Everybody got some favourite albums. Music that accompanied yourself through difficult times, records that acted like a friend when there was real one around. Whether it was the sound around the times of your first kiss or the starting point of your own attempts to take a deeper look into new musical territories. We all have this record somewhere in our hearts and private collections. In this category NOTHING BUT HOPE AND PASSION lets the artist’s do the writing as they share their personal stories and feelings on their most loved record with us.
This time Sam Genders, the former lead singer of TUNNG and person behind DIAGRAMS, confesses his love for Paul, John, George and Ringo and THE BEATLES’ 1966 masterpiece ‘Revolver.’ And since his long awaited second album ‘Chromatics’ is about to get released next week it might be wise to search for a few references on it as well. Here’s what Mr. Genders has to say about his favourite record.
THE BEATLES – ‘Revolver’ (1966)
There’s a time in life around the age of 4 or 5 when you’re old enough to have some sense of the real world unfolding around you as huge grown ups feed and comfort you, keeping you safe as they rush about on inexplicable errands that you none the less know are somehow important to them.
It’s an age when the line between imagination and reality has yet to be drawn into sharp focus and your mind plays out vast magical dramas that to you are just the normal imaginings of every day.
When I look back now I find that time to be far off and indistinct. The years having pulled and twisted the memories so that I’m not quite sure what’s real and what’s make-believe.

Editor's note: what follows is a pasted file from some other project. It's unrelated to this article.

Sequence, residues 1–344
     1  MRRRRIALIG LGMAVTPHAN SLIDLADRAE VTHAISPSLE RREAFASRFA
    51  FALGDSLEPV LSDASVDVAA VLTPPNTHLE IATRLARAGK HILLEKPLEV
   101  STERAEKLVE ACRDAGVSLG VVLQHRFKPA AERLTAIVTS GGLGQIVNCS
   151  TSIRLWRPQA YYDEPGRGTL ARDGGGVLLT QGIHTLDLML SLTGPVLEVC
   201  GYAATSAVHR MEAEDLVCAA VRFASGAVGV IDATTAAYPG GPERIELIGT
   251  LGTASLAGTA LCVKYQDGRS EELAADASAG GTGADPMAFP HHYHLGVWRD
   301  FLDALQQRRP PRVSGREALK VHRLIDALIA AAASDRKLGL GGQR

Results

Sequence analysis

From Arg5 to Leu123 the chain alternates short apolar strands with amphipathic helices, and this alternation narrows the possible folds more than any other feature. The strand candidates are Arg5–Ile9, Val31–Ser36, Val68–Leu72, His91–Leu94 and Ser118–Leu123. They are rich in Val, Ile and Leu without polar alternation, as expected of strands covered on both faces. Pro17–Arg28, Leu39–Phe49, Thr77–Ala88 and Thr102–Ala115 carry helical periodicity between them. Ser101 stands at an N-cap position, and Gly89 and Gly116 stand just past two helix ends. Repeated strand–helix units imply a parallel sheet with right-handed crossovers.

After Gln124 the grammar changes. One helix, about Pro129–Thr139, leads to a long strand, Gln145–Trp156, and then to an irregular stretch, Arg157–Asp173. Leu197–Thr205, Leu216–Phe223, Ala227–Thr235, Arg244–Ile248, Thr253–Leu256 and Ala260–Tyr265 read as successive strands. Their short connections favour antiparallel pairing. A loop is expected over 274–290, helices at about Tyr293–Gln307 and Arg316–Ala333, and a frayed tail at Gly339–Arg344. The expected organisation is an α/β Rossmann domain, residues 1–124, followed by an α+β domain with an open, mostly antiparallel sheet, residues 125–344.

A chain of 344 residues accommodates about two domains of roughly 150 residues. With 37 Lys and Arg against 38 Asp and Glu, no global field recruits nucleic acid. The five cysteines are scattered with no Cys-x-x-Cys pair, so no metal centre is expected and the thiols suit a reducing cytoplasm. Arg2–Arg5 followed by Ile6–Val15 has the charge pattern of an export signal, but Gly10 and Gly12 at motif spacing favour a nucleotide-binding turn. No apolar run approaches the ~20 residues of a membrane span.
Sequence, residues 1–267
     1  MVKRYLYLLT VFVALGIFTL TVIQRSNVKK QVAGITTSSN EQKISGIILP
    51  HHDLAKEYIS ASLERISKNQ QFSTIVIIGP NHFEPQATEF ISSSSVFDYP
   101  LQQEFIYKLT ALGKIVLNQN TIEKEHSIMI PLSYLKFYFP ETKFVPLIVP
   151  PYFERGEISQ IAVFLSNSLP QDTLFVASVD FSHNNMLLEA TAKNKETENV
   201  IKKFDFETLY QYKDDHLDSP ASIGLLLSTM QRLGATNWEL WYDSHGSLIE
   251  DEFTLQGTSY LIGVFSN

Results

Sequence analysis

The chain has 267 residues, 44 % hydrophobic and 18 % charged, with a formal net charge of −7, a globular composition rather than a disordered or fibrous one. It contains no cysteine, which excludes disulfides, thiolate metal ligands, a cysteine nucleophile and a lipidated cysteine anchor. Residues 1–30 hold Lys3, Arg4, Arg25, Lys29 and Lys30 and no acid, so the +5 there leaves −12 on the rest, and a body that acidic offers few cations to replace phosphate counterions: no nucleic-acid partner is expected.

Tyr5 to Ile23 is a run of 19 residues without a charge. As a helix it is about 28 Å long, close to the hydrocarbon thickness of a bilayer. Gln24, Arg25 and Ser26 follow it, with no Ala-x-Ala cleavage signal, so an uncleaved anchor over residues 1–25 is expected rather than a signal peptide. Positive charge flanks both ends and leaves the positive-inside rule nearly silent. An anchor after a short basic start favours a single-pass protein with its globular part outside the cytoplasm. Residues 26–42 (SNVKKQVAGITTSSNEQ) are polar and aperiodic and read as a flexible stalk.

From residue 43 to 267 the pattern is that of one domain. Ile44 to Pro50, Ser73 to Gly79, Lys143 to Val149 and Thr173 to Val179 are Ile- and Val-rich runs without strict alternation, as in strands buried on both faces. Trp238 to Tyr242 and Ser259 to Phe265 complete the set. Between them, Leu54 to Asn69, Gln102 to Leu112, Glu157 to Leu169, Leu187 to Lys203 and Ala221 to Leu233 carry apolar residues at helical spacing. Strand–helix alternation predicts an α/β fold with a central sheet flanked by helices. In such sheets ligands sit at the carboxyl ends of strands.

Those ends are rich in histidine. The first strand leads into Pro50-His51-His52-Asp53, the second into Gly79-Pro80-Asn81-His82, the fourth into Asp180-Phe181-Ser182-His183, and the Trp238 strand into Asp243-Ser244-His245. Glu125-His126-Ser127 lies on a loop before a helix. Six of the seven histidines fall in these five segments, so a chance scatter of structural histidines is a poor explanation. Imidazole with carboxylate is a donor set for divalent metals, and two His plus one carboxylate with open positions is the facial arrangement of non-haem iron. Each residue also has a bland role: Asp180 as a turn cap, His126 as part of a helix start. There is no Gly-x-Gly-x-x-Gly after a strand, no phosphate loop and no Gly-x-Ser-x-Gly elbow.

One thing I’m sure I do remember is the sound of music. The muted tones of PAUL SIMON’s Graceland through floorboards as adults partied down below or the sad/beautiful laments of JACKSON BROWNE’s achingly sweet album Late For the Sky…perhaps put on the turntable by a parent seeking solace in hard times. Unable to communicate their unhappiness to the child playing peek a boo in the mirror propped between floor and wall, but somehow able to say a small something about their feelings via an old turn table, a green eyed amplifier and two brown cloth covered speakers.
I remember these albums well along with BOB MARLEY’s Legend – the collection of hits that was another firm favourite at busy grown up gatherings – but if I have to choose one album to talk about here then it will be Revolver by THE BEATLES.
I’d like to say I was initially attracted to the record by something precociously musical but in fact I’m pretty sure it was Klaus Voormann’s cartoonish artwork and the song Yellow Submarine that clinched the deal.
Along with other BEATLES albums Help and Beatles for Sale it was the record that inspired me to want to play guitar (the album starts with a sharp repeating guitar stab leading into George Harrison’s song Taxman) and it led to my first experiments in sound manipulation – taking advantage of George Martin and the boys’ predilection for hard-panning instruments into the far left or right of the mix – which gave me the ability to knock out an instrument or vocal by playing about with the stereo’s L-R balance control.
McCartney’s For No One (track 8) is a lesson in melody and beautiful simplicity whilst album ender Tomorrow Never Knows (which I imagine – possibly incorrectly – is mainly Lennon at it’s core) sounded wildly experimental to my young ears – yet would quite happily sit on ANIMAL COLLECTIVES‘s 2009 Merriweather Post Pavillion without sounding dated.
For me it set a template for pop music that didn’t feel constrained by that title. It suggested that it might be fun to experiment and it taught me that it’s possible to play with different styles within the same record.
It really has stayed with me all these years and I still play it fairly often. That’s over 30 years of repeat plays so they must have been doing something right.
And also….at the end of the day it’s got Yellow Submarine on it and cartoon artwork. What more do you need?